The Demeter Minnie head is exceptionally well built and handsome, with a refreshingly no-nonsense front-panel that’s as grokable as they come. The box is covered in vinyl and blessed with a durable top-mounted handle and sizable rubber feet. It’s not as portable as some Class D amps, but its small footprint and low weight still make it a cinch to schlep. Removing the amp from its box revealed a interestingly anachronistic internal design, with the old-school PCB of the preamp standing in stark visual contrast to the thoroughly contemporary surface-mounted board of the Class D/SMPS amp module. The two dual triodes are well protected when in the box, but I’m not a big fan of the blue LEDs that illuminate them from below when the amp is powered up. Seems a little cheesy, although this subjective opinion is certainly not shared by many high-end amp audiophile amp designers. The preamp features good components, like metal-film resistors and Wima capacitors. Tube nuts will approve.

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The amp’s tone shaping is as straightforward as it comes, especially if one doesn’t expect extreme variability. In all-tube designs like this, it’s best to think of the tone controls as a series of highly interactive filters which, when used in thoughtful harmony, can yield a variety of useful tones. Unlike many more contemporary op-amp-based circuits, the Demeter’s EQ is gentle, and each knob is interdependent. So long as a player understands this characteristic, plenty is on tap. One interesting feature is the 3-position mode switch, designed to present an easy means to quickly go from dark, to normal, to bright. I found that its impact was much more obvious with passive instruments, and also dependent on the position of other front-panel controls.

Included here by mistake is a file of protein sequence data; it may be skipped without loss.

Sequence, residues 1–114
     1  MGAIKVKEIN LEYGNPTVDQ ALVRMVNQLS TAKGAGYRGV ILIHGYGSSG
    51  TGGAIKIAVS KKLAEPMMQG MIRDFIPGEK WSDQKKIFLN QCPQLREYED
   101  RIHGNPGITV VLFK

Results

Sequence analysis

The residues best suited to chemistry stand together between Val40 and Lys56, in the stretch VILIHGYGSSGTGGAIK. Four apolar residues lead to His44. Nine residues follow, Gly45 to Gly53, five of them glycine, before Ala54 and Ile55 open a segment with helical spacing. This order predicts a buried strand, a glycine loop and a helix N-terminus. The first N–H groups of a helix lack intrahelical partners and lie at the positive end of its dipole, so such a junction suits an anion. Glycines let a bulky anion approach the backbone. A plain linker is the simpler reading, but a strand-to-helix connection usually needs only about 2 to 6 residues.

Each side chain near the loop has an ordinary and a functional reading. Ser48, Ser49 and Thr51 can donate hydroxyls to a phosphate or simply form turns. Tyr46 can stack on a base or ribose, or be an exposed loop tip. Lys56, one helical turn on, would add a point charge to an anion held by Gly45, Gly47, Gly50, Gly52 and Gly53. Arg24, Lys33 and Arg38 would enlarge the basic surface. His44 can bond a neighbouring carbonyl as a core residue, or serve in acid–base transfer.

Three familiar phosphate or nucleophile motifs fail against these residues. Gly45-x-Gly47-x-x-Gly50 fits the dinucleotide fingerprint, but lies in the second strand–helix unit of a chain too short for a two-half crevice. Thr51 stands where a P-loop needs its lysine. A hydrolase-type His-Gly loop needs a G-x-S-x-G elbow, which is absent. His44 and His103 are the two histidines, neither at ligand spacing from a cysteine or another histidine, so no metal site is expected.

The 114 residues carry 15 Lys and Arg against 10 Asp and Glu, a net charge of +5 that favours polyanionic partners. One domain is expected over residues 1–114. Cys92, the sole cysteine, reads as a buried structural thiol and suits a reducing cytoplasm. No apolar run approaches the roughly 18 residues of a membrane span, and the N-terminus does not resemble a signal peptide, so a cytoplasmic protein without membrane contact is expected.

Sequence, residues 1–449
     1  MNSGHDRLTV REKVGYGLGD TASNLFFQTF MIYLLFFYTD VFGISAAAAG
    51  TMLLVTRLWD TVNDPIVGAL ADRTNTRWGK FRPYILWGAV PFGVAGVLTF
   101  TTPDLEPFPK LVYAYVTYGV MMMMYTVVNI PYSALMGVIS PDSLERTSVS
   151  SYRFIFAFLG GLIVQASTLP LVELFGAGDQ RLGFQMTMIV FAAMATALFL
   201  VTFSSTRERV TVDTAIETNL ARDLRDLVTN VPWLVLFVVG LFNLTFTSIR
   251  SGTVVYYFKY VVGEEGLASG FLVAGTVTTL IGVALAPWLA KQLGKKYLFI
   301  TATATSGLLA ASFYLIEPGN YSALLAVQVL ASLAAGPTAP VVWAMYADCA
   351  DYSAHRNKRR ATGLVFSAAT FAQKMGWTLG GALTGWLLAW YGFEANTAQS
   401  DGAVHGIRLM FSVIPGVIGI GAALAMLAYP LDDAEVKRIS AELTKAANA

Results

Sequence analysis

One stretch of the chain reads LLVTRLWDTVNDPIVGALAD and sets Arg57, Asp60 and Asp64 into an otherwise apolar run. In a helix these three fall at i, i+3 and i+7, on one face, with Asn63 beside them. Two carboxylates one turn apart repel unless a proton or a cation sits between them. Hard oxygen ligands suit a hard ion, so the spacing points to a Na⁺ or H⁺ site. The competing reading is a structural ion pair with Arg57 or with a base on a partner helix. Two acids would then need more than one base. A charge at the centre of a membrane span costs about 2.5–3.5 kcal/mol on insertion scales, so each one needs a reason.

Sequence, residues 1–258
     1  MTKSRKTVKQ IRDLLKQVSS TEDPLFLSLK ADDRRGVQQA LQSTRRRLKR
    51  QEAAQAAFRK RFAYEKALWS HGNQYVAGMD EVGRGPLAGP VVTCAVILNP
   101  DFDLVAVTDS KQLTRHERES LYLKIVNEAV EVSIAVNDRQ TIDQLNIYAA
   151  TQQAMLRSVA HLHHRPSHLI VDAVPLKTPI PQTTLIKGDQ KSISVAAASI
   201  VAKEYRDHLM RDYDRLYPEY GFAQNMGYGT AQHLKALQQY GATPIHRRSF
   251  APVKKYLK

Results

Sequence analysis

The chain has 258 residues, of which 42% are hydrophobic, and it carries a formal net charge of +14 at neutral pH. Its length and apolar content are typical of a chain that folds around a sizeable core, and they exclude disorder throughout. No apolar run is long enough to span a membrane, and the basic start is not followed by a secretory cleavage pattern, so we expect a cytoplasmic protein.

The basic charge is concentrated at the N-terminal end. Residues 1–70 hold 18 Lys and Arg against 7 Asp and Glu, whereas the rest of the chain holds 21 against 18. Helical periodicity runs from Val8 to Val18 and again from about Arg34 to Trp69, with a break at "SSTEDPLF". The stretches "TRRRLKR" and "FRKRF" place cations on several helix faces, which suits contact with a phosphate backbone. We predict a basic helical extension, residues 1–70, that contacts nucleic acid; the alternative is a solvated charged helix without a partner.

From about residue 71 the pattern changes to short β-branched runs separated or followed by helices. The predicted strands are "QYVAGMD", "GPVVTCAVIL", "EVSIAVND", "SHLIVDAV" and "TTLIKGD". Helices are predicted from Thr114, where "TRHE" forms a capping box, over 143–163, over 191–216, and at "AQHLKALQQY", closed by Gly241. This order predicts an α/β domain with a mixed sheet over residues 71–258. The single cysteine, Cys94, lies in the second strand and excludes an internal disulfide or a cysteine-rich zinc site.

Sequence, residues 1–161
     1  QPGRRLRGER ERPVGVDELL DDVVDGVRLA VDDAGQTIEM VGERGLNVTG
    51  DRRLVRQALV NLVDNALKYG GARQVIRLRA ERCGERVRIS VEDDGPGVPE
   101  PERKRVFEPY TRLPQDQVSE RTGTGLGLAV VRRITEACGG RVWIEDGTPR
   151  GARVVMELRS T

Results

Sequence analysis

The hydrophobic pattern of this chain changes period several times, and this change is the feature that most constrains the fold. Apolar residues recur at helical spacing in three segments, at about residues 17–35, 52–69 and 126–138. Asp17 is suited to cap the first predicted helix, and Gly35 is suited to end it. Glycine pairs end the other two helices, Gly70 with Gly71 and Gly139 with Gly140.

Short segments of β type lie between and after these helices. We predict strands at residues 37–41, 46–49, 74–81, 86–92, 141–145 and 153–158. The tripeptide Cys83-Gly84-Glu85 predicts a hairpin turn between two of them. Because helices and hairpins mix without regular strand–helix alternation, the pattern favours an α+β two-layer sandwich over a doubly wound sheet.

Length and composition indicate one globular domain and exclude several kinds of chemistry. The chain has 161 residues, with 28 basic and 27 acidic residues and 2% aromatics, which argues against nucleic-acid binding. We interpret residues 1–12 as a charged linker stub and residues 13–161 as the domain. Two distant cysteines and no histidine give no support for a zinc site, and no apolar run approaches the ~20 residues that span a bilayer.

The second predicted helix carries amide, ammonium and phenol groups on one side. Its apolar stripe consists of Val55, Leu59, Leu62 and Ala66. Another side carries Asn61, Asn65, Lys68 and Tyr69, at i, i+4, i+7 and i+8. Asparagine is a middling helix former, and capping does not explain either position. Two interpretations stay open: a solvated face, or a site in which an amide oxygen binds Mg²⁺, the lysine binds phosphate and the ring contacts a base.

I paired the Minnie with a plethora of cabs, including the kind of one-trip 1x12s I love for small gigs, as well as bigger models from Epifani, Ampeg, Bergantino, and Greenboy Audio. I also used the amp in the studio, pairing its miked output with the signal from its slick Jensen-based DI.